I decided to get an electric drill. After a bit of research I learned that bigger is not necessarily better (ahem). If the drill has high torque (spins fast) this can melt plastic. Also, there are a bewildering variety of drills available. Dremels seemed especially popular. I found their website pretty unhelpful though. It seemed a little limited and it was difficult to compare models.
One day, I was killing time in a shop called Tokyu Hands. Each store is a little different. The Shinjuku store has a lot of good hobby stuff. They happened to have several hobby drills. I chose one with variable speed and I also picked up a set of hobby drill bits. It included sanding disks, cutting disks etc. It was very cheap at under 3000￥ all in.
The drill is actually more of a kind of hand router intended for light engraving. Glass and such. It’s powerful enough for plastic and resin without being overpowered. It’s not particularly robust but won’t be seeing any hard use. It has a couple of nice features like a dial for speed giving a lot of fine control. It has a decent sized cable with a plug and socket in the middle that should come apart if I snag the wire on something. The drill bits are easy to change too, although it took me far longer than it should have to work out how (thank you to the wife for that one).
It came in a soft case which, while certainly utilitarian, was not particularly well fitting or elegant. So I store it in Tuppaware. It probably shouldn’t give me so much pleasure but having it neatly stored in a plastic box that matches my other plastic boxes does. That probably means I am some kind of serial killer.
The drill has allowed me to attempt more elaborate conversions. The most useful drill bit so far has been the flat bottom drill bit. Because the bottom of the hole is flat and not rounded, magnets sit a lot better in the hole and you don’t need to drill as deep. This is particularly useful when magnetizing arms to hollow bodies.
I have learned a few things:
Start my making a small guide hole with something sharp
Start smaller than you want and work up
Use a low rpm and work up if needed
Ball ended bits are the best for removing a lot of material
Drill bits can jump around a bit initially if you futz, so be bold
Resin kicks up a lot of dust, so wear a mask
I wear glasses, but if I didn’t, I would definately wear safety glasses
The body of the model is from the Deathwatch: Overkill boxset.
The helmet is from the Betrayal at Calth boxset.
The jump pack is from the Vanguards Veteran set.
The left shoulder pauldron was a custom order from a Shapeways seller.
The backpacks are magnetized using 1 x 3mm rare earth magnets.
The right arm is from the Betrayal at Calth boxset.
The plasma pistol is from the Tactical Squad boxset.
I found converting the backpacks relatively easy. I used two magnets for the backpack and three for the jump pack. I find the easiest method is to drill a hole and glue the first magnet. Usually this is the magnet in the body of the miniature. Next, I put the second magnet on the first and drill the hole in the secondary piece. Then, I apply glue to the second magnet using a cocktail stick. Finally I offer up the secondary piece to the second magnet. When the glue is dry I can pull the pieces and the magnets apart. This way the magnets will sit flush and I am less likely to get the polarity wrong.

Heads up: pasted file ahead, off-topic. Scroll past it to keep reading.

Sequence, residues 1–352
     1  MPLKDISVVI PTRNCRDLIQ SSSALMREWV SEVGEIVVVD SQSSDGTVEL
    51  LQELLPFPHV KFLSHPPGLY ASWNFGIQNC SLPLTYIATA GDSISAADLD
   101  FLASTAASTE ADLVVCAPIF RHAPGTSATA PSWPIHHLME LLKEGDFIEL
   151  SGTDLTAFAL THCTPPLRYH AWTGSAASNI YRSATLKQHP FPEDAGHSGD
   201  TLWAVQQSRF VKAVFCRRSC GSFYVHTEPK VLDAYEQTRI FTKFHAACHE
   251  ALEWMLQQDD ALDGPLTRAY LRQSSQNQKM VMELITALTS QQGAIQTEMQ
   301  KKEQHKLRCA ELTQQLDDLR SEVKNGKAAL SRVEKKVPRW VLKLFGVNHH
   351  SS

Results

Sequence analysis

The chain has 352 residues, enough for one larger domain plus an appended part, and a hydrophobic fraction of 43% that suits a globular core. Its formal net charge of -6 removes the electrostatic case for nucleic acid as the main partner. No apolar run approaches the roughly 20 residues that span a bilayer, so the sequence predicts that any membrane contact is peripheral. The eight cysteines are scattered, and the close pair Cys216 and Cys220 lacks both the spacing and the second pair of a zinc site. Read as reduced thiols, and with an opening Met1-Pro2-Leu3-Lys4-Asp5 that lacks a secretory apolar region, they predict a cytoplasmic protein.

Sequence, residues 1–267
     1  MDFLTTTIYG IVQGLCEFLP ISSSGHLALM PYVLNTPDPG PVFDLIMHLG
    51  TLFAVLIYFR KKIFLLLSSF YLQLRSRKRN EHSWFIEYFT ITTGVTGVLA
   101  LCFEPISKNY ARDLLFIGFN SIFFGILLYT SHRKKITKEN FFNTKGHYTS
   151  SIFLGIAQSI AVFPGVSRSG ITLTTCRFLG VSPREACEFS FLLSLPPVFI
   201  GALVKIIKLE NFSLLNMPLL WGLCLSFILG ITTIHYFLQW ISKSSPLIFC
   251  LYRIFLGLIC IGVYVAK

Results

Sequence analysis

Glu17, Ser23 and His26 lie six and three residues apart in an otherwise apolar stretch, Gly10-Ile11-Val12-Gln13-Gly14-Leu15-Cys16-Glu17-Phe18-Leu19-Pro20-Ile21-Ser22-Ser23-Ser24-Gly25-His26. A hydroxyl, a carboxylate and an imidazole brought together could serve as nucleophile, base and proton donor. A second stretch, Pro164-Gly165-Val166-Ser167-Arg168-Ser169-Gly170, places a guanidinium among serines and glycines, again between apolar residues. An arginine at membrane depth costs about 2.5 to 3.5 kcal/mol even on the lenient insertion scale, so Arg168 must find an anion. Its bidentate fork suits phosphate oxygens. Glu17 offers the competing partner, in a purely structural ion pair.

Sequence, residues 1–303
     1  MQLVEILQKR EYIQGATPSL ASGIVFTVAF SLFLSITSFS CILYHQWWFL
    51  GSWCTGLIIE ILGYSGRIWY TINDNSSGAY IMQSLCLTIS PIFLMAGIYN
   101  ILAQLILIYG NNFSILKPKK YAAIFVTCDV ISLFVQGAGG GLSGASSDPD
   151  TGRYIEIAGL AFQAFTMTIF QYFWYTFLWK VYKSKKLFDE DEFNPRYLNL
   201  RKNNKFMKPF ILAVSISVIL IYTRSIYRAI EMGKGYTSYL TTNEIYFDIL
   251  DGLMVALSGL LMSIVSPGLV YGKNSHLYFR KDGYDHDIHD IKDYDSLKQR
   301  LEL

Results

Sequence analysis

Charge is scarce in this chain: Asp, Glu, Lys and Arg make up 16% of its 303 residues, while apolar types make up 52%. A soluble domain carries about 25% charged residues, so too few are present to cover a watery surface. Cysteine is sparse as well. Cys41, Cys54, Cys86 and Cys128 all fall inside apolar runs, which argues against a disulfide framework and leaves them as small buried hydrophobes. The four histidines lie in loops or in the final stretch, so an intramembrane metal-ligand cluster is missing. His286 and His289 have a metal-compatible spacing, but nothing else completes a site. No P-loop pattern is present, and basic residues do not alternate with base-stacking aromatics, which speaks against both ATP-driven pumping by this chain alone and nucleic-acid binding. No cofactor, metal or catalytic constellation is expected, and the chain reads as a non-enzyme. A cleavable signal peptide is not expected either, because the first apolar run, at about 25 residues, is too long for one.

The basic scheme is black. I went about it by applying very watered down coats of black over grey primer. Detail which then showed through was either left as it was or picked out in GW Eshin Grey. The armour was then tidied up with Vallejo Game Colour Black.
Armour ~ Vallejo Black (), highlighted with Eshin Grey
Left pauldron ~ Vallejo xxxx ()
Plasma Pistol~ Vallejo Black Metal (71.073), washed with GW Nuln Oil, highlighted with Vallejo Gunmetal Grey (71.065)
Crozius Arcanum ~ Vallejo Brass (), highlighted with Vallejo Gold () and Vallejo Silver()
Leather~ undercoated with Vallejo Cammo Black Brown (), washed with GW Agrax Earthshade and Highlighted with Vallejo Flat Earth () mixed with white.
Book~ Vallejo Hull red (). Washed with GW Carrobourg Crimson and highlighted with Vallejo xxxx ()
Eyes ~ Vallejo xxxx () sheded with GW Agrax Earthshade.
Overall I’m pleased with the result. I particularly like the way the handle of the Crozius Arcanum came out. It looks like soft leather. I regret not spending a bit more time and care on highlighting the wings of the Crozius Arcanum though. I feel I could have done a better job. I’m also not satisfied with the eyes. I have since developed a method I’m happy with, when I was painting this model I couldn’t do anything I was satisfied with so I just did almost solid red.
I have decided to make it a rule not to go back and add anything once a model is varnished. I’d prefer to just try to improve on the next model. In this way I hope to see a solid progression in the quality I can achieve. It’s also motivating to try and get it right the first time. I rushed through the Crozius Arcanum because I was tired and wanted to get it finished. I would have been better off simply stopping and picking it up another day. It’s a hobby after all and should be relaxing not stressful.
You’ll notice that it is not based yet. I am not planning to base anything until the whole army is finished. I want to try an achieve a consistent look and I really haven’t decided how they’ll be based yet.
Also, I haven’t painted the detail he is standing on. Partly this is because I haven’t decided on a basing scheme but mainly because I will probably cut this piece away. I want to have a base where he is running up stairs. This should give a more dynamic look. Especially with the jump pack attached. It will also break the monotony of all the HQ choices having one leg up on something.